A large study published in Cell titled The Missing Diversity in Human Genetic Studies affirms that the majority of studies of genetic association with disease have been performed in Europeans, what has a negative effect in global health, and proposes solutions (read entire commentary VOLUME 177, ISSUE 1, P26-31, MARCH 21, 2019).

From a bioethcial point of view, we quote an article that shows why this failure affects public healh and increase global disparities. It affirms that It’s never been faster, easier, or cheaper to sequence a human genome. An individual’s entire genetic code can be unraveled in as little as an hour, allowing researchers to scour its billions of base pairs for patterns that might predict a person’s risk of developing disease. Technologically speaking, studies of human genetics remain on the cutting edge.


78 percent of data used in GWAS come from people of predominantly European descent


On the axis of diversity, however, progress is sorely lacking.

For nearly 20 years, scientists have been using genome-wide association studies, known as GWAS, to identify connections between genetic variants and disease risk. But according to a commentary published in the journal Cell, 78 percent of data used in GWAS come from people of predominantly European descent—even though they make up only 16 percent of the global population. The failure to include racially and ethnically diverse populations in genetic research both hampers our ability to understand human health and disease and exacerbates long-standing disparities in health, the authors write.

The consequences of these data discrepancies have already proven very real. Doctors have known for decades that people of African, Puerto Rican, and Mexican descent suffer unusually high rates of asthma-related deaths, but only recently learned why this might be: These groups commonly carry genetic variants that could be making them less sensitive to albuterol, a drug used in inhalers. The connection might have been obvious when looking at a pool of diverse genomic data—but over 90 percent of lung research has been done on populations of European descent.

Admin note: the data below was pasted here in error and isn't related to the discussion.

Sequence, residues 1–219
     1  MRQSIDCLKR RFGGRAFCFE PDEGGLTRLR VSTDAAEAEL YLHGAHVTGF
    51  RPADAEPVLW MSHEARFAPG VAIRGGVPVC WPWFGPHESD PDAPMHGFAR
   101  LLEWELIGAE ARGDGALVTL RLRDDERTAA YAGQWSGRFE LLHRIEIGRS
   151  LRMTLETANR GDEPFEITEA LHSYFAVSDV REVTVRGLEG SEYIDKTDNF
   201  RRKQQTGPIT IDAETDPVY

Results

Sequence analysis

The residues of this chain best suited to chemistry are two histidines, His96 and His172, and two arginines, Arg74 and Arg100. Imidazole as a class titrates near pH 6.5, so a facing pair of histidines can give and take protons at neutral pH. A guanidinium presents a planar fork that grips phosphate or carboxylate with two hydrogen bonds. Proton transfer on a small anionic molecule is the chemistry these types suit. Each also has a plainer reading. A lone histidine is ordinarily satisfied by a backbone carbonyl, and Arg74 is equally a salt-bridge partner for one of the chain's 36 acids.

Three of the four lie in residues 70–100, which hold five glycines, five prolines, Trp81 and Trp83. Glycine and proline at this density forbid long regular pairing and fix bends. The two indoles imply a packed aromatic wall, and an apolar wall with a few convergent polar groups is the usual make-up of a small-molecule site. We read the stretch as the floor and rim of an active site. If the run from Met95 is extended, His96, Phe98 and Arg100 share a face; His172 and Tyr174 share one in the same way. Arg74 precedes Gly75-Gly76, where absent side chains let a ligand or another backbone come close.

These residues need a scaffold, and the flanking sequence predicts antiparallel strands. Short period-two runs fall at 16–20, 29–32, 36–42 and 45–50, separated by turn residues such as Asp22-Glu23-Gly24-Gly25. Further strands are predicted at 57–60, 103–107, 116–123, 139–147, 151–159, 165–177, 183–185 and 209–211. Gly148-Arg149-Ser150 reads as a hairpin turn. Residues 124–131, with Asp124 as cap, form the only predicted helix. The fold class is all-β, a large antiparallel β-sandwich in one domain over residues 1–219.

“This [commentary] is a very important perspective, and has exactly the kind of data we need to keep pushing this conversation forward,” says Shawneequa Callier, a bioethicist who specializes in the ethics of genetics research at the George Washington University School of Medicine and Health Sciences.

There’s been progress, but it’s minimal at best

The issue isn’t a new one—and it’s true that, at one point, things were far worse. In 2009, just seven years after the publication of the first successful GWAS, a staggering 96 percent of study participants were of European ancestry. But the lion’s share of that gap has been closed by a recent increase in genetic studies of Asians, who now represent about 10 percent of GWAS subjects.

Increases in other underrepresented populations, on the other hand, remain marginal at best. To this day, individuals who identify as being of African, Hispanic, or Latinx descent make up less than four percent of people recruited into GWAS.

This European-centric skew might represent one of the biggest obstacles to the efficacy of precision medicine, wherein doctors could use each patient’s unique genetic makeup to tailor treatments and medical advice. Already, information gleaned from GWAS has yielded crucial insights into the roles genes play in a growing list of conditions, including obesity, prostate cancer, type 2 diabetes, and schizophrenia. But as things stand, it’s those with European ancestry who will benefit the most (NOVA, March 21, 2019).